Here's the updated chart:
    (n.b. Cobra, Viper, Eagle and Type-7 are not below half optimum mass.)

    Attachment 32428

    Makes for some interesting nuances of balance.

  14. #14
    Well, looks like we can confirm that ENG Pips work in a linear manner, at least in regards to top speed. Thanks for that!
    Also, it seems like combat ships have a tendency to gain less per pip than the other ships. Perhaps they gain more in terms of turn rate?

    Summing up what we know about Thrusters so far:
    -Thrusters have a Minimum Mass equal to 50% (i.e. half) of Optimum Mass. Once at Minimum Mass, further mass reductions have no benefit in regards to speed or turn rate.
    -Going below Optimum Mass (toward Minimum Mass) grants smaller bonuses to Top Speed than going over Optimum Mass (toward Maximum Mass) by the same amount of mass.
    -At Optimum Mass, a ship's Top Speed is the same regardless of its Thrusters' Class or Rating (as long as said Thrusters' Optimum Mass can be reached).
    -Higher rated Thrusters allow for higher Top Speeds at Minimum Mass but also lower top speeds at Maximum Mass.
    -ENG Pips increase a ship's performance linearly. The exact effect is dependant on the ship.
    -Power Distributors have no direct effect on Top Speed or Turn Rate, only indirectly through mass and boost energy/recharge.

    Some assumptions we can make based off of what we've seen so far - though until tested, they can't be sure:
    -Anything that affects Top Speed also affects Turn Rate in a similar fashion.
    -Therefore, going below Optimum Mass (toward Minimum Mass) grants smaller bonuses to Turn Rate than going over Optimum Mass (toward Maximum Mass) by the same amount of mass.
    -Therefore, at Optimum Mass, a ship's Turn Rate is the same regardless of its Thrusters' Class or Rating (as long as said Thrusters' Optimum Mass can be reached).
    -Therefore, higher rated Thrusters allow for better Turn Rates at Minimum Mass but also worse Turn Rates at Maximum Mass.

    Some of the things that are yet untested:
    -How mass affects a ship exactly. Is it linear or exponential, i.e. will going from 100T to 101T have the same effect as going from 101T to 102T?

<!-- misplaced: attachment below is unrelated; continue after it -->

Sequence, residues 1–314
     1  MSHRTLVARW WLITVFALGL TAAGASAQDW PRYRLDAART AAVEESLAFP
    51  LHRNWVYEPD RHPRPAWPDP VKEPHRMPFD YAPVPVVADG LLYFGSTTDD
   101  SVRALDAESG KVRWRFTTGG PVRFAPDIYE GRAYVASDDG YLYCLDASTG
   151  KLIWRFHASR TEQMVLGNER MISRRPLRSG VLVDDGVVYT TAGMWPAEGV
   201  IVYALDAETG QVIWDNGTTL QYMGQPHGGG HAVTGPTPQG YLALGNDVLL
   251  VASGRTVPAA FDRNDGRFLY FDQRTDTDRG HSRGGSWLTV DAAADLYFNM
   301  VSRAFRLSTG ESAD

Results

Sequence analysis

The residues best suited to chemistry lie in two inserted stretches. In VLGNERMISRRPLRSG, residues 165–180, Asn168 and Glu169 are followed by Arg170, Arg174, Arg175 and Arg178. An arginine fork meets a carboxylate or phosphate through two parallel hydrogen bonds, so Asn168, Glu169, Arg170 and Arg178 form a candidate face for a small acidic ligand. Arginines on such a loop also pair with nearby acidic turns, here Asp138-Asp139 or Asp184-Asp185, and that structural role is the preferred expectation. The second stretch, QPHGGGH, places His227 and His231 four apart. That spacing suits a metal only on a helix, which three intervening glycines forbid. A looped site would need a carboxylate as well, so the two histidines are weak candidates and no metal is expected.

-Acceleration/Deceleration. Do better thrusters allow you to reach a given speed (e.g. 10, 50 or 100 m/s) and Top Speed more quickly? How does it look in reverse? How does mass factor in? How do ENG Pips factor in?
    -How Thrusters' Class affects a ship's Top Speed and Turn Rate.
    -Whether Thrusters' Class/Rating or a ship's mass has an effect on how much ENG capacitor energy a boost requires.

    Perhaps if we manage to gather enough data, we might even be able to generate the formula behind all this which would allow us to calculate each ship's performance. Looks like it's made up out of some function using Thruster rating (and class?), its total Mass (which relates to the Thrusters and their Minimum/Optimum/Maximum Mass) and some hardcoded values that vary from ship to ship as a base. The effect of each ENG Pip is then applied to this in a linear fashion - how much said linear increase/decrease happens to be would, again, be particular to each ship.

    I'd like to do some more testing myself, but unfortunately I'm kind of tied up at the moment with my latest exploration trip, so it might be a while before I can get back to testing some of these things.
    But thanks again for those expensive tests, Jackie!

  15. #15
    Originally Posted by Takaru Minari View Post (Source)
    Interestingly, at Maximum Mass higher-rated Thrusters will actually perform worse - albeit doing so whilst moving at a higher total mass.
    It may be worth looking at performance normalized to the same total ship mass, as it seems rather misleading, even if technically accurate, to state that higher thrusters perform worse at maximum mass if maximum mass is simply scaling faster than performance at a given mass.

    Originally Posted by Takaru Minari View Post (Source)
    Also, it seems like combat ships have a tendency to gain less per pip than the other ships. Perhaps they gain more in terms of turn rate?
    I don't think this is the case, but it might be worth testing. Combat ships tend to be light relative to the thrusters they mount and may be balanced so that they are not uselessly slow with pips placed somewhere other than ENG, or to keep maximum speeds in check.

    Originally Posted by Takaru Minari View Post (Source)
    -Whether Thrusters' Class/Rating or a ship's mass has an effect on how much ENG capacitor energy a boost requires.
    Haven't done formal testing of this, but I can say with good confidence that the answer is no to the former, and with near absolute confidence that it's yes to the latter. I've noticed no difference in energy required to boost with ships that can increase mass via a significant fraction with cargo. Also, a distributor that can boost with less power hungry thrusters often cannot with more power hungry ones.

Page 1 of 2 12 LastLast